Making A Bridal Shower Toast? 7 Poems For Inspiration

wristlet bouquet
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When a good friend is getting married, it's easy to forget the moment. Though a Google of "mindfulness wedding" yields more than 800K hits, with everyone from The Knot to Tricycle Magazine chiming in, anyone who's ever been involved in a wedding process knows that it's all too easy to focus on the future. That's why bridal shower toasts are so important — they're a way to stay grounded, to anchor the day and the whole big swirl of events. Still, planning a bridal shower is pressure enough. Where to find the right words?

Aw, c'mon. You know poetry's got your back on this one.

Frankly, these poems will help you come up with a memorable bridal shower toast no matter who you are. Because despite the fact that weddings often force the unlikeliest of luncheons, everyone from the mother of the bride to the MOH is there to support and celebrate the bride. These poems will remind her — and her shower guests — of the importance not only of romantic love but friendship; of the present moment as well as the grand, rosy, wedded future.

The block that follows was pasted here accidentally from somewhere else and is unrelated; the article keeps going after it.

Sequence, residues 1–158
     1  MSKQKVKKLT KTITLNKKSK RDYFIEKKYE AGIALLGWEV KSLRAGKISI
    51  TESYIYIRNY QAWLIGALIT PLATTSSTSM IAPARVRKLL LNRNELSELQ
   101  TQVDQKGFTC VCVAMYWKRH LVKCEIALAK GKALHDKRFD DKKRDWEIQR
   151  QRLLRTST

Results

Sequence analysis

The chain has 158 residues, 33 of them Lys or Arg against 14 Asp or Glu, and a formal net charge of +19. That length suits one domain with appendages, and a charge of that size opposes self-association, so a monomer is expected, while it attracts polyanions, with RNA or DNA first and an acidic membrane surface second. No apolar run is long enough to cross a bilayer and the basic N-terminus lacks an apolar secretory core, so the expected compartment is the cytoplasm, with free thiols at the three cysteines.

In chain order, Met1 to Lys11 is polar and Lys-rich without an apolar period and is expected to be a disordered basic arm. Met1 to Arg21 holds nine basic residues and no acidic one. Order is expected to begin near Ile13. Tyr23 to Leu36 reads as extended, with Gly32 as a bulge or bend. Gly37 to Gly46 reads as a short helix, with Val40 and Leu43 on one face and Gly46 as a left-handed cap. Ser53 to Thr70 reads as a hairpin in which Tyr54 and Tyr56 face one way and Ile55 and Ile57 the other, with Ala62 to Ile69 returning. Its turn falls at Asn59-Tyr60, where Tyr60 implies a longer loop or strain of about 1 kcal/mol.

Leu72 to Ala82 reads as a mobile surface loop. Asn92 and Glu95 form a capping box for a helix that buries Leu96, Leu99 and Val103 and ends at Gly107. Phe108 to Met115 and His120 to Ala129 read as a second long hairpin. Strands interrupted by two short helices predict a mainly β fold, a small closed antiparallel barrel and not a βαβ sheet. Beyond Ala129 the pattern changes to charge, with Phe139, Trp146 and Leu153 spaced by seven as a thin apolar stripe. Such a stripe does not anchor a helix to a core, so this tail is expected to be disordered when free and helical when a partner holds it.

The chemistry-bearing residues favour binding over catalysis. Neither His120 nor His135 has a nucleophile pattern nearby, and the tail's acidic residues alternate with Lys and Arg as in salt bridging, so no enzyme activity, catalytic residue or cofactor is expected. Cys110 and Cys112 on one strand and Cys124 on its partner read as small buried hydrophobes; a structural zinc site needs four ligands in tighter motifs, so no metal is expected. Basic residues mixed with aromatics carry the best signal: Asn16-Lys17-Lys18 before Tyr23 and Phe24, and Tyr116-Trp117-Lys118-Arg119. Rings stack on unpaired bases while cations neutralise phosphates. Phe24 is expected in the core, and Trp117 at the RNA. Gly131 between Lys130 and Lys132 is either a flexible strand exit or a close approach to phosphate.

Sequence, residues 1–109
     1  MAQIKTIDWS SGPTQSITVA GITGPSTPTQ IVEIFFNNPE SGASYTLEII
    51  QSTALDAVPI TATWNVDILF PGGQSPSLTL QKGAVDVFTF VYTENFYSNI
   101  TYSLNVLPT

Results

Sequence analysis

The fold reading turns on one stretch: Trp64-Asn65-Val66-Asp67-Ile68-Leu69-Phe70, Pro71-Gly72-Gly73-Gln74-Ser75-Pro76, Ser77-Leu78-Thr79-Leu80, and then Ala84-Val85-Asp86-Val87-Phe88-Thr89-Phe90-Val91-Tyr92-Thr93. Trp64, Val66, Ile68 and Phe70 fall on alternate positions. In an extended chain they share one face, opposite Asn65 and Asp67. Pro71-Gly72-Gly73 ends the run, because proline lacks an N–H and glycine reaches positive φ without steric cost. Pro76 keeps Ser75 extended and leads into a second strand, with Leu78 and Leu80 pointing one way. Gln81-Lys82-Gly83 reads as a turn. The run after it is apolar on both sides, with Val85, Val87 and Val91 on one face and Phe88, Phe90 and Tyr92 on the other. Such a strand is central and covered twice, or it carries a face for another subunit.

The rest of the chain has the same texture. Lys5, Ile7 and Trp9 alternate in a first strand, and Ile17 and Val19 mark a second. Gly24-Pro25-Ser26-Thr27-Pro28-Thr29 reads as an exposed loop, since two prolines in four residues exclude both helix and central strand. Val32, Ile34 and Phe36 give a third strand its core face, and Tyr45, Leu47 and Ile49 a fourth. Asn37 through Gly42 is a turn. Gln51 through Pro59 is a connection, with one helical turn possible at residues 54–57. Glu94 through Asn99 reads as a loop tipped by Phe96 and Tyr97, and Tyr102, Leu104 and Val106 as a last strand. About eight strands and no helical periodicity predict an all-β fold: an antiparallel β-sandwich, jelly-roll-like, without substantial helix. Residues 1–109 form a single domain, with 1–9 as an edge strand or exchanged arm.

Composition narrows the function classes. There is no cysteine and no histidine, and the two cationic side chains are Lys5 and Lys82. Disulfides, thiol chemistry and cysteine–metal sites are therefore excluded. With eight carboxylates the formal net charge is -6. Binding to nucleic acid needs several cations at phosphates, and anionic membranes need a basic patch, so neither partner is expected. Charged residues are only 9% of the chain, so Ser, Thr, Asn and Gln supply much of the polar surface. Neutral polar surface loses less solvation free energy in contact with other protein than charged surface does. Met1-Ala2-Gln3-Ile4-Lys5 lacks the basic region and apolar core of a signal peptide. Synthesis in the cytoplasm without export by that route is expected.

Ready to raise a flute or a coupe in honor of the BTB? These seven poems were practically made for the occasion.


"A Journey" by Nikki Giovanni

It’s a journey . . . that I propose . . . I am not the guide . . . nor
technical assistant . . . I will be your fellow passenger . . .

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"Questions for the Bride" by David Rivard

Now that everything seems so persuasive
you will go on changing as always
it has always been the case with you

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"Habitation" by Margaret Atwood

Marriage is not
a house or even a tent
it is before that, and colder:

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"[Do you still remember: falling stars]" by Rainer Maria Rilke

Do you still remember: falling stars,
how they leapt slantwise through the sky
like horses over suddenly held-out hurdles
of our wishes—did we have so many?—

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"For N & K" by Gina Myers

my heart shatters
a little each time
I think of my friends
& how lucky in life
I’ve been to get
to know them, to have
had the time to laugh &
drink & dance & to argue
& feel hurt too.

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"Chateau If" by Peter Gizzi

if I were to say hummingbird it might behave as an
adjective here

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"Stanzas in Meditation"

She may count three little daisies very well
By multiplying to either six nine or fourteen
Or she can be well mentioned as twelve

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